Actually this has been going on since page 1, as they criss-cross the country multiple times, sometimes, solo, other times together. Only to turn around and go back to wherever. They never have money. They work cotton fields, they pan-handle, they write aunties to wire money to them. Most of the money seems to get spent on bus tickets, booze, and gas; hygiene is not a major worry.. They and their buddies seem to have trouble with marriage. They have an eye out for girls, sometimes rather young girls. They seem to constantly be high on life, or other things, but there are relatively few references to drugs - I suspect that has more to do with publication concerns than it does with what was happening. They are into music and often talk in extremes. Everything they experience seems to be the best, the greatest, the biggest, the highest. Here's a scene in a Frisco nightclub.....a bongo player, shirtless, slows down the beat and barely taps as everyone breathlessly leans forward. This goes on for sometime, and then he slowly takes the mike and for the next 15 minutes chants......Great-orooni.....fine-ovauti.....hello-orooni.....bourbon-orooni.....oroonirooni.

Want to see what these characters were like in real life? Check them out on YouTube.

Well, if this is "beat" then it's just one more extreme art form that seems incredibly over-rated, with minimal contribution and a lot of bs. ( )
  maneekuhi | Nov 27, 2015 |
Honestly, eh. ( )
  arpentec | Nov 27, 2015 |
My 14 year old self is giving this five stars. That's how old I was when I first read On the Road and it changed my life. I tried reading it again when I was 19 and found it pretty juvenile. When I think back on it now, aged 34, I think what a poor deal the women in it get and what a bunch of selfish, shallow swines the men are. So I don't think back on it. I think back to reading it aged 14 and deciding there and then that I was going to spend the rest of my life travelling round America. ( )
  JohnPhelan | Nov 9, 2015 |
novel, classic literature, american literature, 20th century literature, banned books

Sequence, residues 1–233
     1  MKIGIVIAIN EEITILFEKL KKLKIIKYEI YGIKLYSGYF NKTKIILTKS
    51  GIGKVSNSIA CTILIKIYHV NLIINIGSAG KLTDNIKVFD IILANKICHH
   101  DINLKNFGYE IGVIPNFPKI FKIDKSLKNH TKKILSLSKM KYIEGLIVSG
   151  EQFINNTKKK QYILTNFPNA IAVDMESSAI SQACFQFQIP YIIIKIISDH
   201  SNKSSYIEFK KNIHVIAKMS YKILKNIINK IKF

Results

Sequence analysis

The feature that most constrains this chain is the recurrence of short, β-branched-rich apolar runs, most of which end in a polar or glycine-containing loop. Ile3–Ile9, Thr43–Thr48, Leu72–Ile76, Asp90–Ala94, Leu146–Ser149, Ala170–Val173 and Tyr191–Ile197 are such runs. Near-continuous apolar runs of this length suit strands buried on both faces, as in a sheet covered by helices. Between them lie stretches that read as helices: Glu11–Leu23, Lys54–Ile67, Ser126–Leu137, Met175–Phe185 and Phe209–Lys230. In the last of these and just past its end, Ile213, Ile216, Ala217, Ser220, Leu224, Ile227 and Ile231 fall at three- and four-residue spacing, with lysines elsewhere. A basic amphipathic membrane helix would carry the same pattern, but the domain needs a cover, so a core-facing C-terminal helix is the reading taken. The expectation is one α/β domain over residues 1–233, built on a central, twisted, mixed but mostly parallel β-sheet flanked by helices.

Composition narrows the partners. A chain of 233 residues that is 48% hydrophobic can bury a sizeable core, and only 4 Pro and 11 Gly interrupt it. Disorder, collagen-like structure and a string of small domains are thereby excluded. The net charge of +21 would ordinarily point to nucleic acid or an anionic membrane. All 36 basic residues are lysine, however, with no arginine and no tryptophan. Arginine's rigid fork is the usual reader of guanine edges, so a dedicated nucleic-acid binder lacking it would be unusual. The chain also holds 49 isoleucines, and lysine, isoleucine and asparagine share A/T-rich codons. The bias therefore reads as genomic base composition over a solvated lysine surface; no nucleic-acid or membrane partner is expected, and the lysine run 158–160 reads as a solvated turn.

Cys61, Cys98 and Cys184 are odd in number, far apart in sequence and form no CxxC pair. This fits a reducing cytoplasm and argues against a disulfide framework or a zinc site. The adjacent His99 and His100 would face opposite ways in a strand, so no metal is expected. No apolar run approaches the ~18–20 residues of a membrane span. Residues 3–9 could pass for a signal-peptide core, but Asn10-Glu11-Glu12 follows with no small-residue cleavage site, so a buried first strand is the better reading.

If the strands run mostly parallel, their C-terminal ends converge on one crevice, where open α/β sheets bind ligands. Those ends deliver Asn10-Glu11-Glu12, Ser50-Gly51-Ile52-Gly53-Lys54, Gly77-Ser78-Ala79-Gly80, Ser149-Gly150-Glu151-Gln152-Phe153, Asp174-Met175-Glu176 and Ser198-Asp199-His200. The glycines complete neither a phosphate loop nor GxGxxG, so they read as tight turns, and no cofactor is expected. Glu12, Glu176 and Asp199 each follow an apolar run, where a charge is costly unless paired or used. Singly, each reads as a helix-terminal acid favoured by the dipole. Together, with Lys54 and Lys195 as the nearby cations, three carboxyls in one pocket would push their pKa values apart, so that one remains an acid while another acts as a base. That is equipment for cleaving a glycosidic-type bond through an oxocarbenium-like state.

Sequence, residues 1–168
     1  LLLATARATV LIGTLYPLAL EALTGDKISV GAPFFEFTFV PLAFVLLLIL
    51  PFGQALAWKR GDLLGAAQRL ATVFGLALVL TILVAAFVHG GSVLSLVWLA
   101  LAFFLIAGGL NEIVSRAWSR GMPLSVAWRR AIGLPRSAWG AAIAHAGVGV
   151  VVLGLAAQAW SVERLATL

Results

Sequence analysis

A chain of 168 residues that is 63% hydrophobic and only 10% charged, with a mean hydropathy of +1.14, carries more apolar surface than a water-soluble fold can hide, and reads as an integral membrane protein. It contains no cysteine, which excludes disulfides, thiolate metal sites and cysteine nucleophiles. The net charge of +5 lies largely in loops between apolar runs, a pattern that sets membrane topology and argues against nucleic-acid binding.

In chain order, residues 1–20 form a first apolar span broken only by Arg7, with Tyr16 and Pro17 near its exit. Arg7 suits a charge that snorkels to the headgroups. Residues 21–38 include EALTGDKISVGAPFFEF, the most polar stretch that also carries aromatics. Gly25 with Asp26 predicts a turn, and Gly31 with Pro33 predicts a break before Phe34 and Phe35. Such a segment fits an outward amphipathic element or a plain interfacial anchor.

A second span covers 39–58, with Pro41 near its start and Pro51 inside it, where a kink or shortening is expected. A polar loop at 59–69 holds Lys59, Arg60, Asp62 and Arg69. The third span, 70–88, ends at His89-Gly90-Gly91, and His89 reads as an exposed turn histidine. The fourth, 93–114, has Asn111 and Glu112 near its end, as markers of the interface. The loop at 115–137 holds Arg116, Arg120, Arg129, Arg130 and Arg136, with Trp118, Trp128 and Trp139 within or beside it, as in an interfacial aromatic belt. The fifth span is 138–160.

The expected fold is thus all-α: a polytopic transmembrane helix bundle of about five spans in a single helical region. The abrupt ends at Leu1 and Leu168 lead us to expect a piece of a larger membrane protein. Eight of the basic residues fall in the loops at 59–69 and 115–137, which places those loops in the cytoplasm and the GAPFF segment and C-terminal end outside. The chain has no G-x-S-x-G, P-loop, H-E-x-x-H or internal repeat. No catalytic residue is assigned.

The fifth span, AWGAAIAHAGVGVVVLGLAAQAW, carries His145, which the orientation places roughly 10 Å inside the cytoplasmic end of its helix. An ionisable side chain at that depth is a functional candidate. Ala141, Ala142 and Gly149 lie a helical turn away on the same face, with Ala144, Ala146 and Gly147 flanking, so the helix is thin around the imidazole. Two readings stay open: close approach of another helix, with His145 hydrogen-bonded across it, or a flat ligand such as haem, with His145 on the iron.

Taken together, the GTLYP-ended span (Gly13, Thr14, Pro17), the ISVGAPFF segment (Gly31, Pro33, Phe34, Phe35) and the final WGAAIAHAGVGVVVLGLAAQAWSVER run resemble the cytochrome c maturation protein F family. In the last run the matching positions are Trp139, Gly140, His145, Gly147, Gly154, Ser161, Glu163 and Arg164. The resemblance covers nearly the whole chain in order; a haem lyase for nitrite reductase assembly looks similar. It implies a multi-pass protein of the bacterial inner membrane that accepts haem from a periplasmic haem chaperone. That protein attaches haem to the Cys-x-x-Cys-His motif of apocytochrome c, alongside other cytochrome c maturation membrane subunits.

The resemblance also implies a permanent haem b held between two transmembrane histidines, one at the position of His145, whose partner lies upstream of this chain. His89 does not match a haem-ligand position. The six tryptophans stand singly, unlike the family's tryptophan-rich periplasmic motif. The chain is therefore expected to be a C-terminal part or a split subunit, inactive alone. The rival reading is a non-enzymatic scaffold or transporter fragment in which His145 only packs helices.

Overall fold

sailordanae | Oct 9, 2015 |
This is one of those books I've been hearing about for decades, but finally got the gumption to read. Unlike many classics, it lives up to its billing. Of course, there's no plot, and it doesn't read like fiction at all. Just travels back and forth across the country - in cars on the verge of falling apart or as hitchhikers down to their last few dollars. What makes the book so good is how real it is. The leading characters and all the folks they meet on the road. There's humor, there's pain, and most of all, there's truth. A reviewer on the back cover compares it to Huckleberry Finn. I liked this a lot better. ( )
1 vote datrappert | Sep 28, 2015 |
Showing 1-5 of 234 (next | show all)
El Sal Paradise de todas las ediciones conocidas de esta novela mítica es aquí, al fin, Kerouac. Y también Cassady, Ginsberg y Burroughs aparecen con sus verdaderos nombres. Con la publicación del rollo original, la gesta viajera y existencial de En la carretera se vuelve autobiográfica de pleno derecho y a plena luz del día, sin censura alguna. Y el relato adquiere toda su potencia narrativa. El lector tiene en sus manos una suerte de manifiesto de la beat generation. Seguimos a Kerouac y a toda la cáfila que desfila por estas páginas en toda su desnudez y penuria. Precursores del movimiento hippy y la contracultura de finales de los años sesenta, los personajes de esta novela pululan sin rumbo por Norteamérica. La sed vital insatisfecha, la búsqueda de horizontes de sentido, de dicha y de conocimiento y los atisbos místicos se estrellan contra una realidad inhóspita y desesperanzada. Un vívido compendio de los grandes temas, y al tiempo una apasionante aventura humana y una metáfora de la existencia. «El rollo original de On the Road es una de las más veneradas y enigmáticas reliquias de la literatura moderna... Un texto fascinante» (James Campbell, The Times Literary Supplement).